Kinji was a regular on my old 1980s and ’90s syndicated cable TV show Canvas Cavity. Whenever some of his friends would come to Northern California and we’d book them, Kinji would come in and do on-camera to see his pals like Red Bastien, Tiger Conway Sr., The Fabulous Moolah and Mae Young. And of course Kinji was the first to arrive for our longer, “This Is Your Life” special two-hour tribute episodes like the one for him, Roy Shire, Ray Stevens, Pepper Gomez and his friend and tag partner Mitsu Arakawa.
But the quiet little magical moments of just Kinji by himself in front of the camera, with us gently prodding him to talk about his in-ring career from ’51 on, were the best ones. And what a career from a total master.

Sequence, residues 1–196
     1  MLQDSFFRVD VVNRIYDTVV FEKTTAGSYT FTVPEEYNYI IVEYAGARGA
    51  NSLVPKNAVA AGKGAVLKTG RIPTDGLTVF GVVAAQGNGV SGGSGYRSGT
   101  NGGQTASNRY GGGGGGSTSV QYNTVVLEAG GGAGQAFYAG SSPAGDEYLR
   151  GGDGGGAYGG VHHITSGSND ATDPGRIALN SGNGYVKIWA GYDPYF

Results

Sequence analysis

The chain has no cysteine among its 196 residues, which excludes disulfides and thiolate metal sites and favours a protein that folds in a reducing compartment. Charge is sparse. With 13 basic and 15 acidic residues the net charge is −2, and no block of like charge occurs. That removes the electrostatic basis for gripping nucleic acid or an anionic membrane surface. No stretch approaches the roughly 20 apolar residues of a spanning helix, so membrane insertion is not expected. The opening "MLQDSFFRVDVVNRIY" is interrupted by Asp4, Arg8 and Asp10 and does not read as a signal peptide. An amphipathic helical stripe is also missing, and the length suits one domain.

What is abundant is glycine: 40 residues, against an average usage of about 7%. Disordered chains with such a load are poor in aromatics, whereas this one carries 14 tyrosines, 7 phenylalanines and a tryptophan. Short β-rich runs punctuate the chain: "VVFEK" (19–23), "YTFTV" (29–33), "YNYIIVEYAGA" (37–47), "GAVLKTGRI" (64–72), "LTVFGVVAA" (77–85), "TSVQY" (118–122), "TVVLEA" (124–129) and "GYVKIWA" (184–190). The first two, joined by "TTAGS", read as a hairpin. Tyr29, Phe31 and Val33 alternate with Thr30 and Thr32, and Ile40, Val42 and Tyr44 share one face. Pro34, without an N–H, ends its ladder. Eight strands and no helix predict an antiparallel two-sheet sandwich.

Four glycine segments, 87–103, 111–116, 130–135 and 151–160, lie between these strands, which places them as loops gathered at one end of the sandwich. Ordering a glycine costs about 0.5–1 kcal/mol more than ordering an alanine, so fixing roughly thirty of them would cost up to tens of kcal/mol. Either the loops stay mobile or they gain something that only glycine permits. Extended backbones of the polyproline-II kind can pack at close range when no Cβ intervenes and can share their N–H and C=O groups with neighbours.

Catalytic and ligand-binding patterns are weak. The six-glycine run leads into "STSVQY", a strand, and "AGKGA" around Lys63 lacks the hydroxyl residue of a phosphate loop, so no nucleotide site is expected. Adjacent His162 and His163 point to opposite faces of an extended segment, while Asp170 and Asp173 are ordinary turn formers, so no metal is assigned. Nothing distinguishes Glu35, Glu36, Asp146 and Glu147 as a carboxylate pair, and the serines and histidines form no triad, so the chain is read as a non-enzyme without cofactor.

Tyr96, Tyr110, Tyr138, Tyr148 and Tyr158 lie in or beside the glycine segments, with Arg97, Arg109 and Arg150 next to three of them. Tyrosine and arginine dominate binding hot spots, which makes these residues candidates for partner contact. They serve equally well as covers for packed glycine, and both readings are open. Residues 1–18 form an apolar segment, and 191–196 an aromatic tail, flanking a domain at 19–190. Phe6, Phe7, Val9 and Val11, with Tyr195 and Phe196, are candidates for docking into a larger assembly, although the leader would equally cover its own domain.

“I was very good friends with Charlie (‘Mr.’) Moto you know. He and Jules Strongbow in Los Angeles, first for Cal Eaton and then that step-son of his (Mike Lebell), were amongst the very best bookers we’ve ever had in the business. Charlie was the assistant to Jules, and they just had great minds for the business. I used to kid them, later on from about 1969 to 1972, they gave me one big main event match on top. Just about once a year. Two years in a row with [Freddie] Blassie after his match with The Sheik, then with Tolos and the last year with Ernie Ladd.” In 1970, Blassie turned face against an even more hated opponent in The Sheik. Blassie cemented that he’d turned fully face by promising to leave town if he “cheated in any way in my scientific match a week from Friday with ‘Soulman’ Rocky Johnson. I have to show the people I can wrestle scientific.” And it was a one-hour Broadway of actual holds. “Blassie really didn’t take bumps, didn’t want to in that match, with me or [John] Tolos. What a moneymaker that was, Blassie and Tolos. That was Jules and Charlie. Genius,” Kinji told me in 1991. “Blassie and Tolos and I would work smart matches. Lots of great psychology which I don’t see at all today. Just all bam-bam-bam, high spots, it looks choreographed now. I bet these kids today don’t even know what carny is, let alone know how to use it.”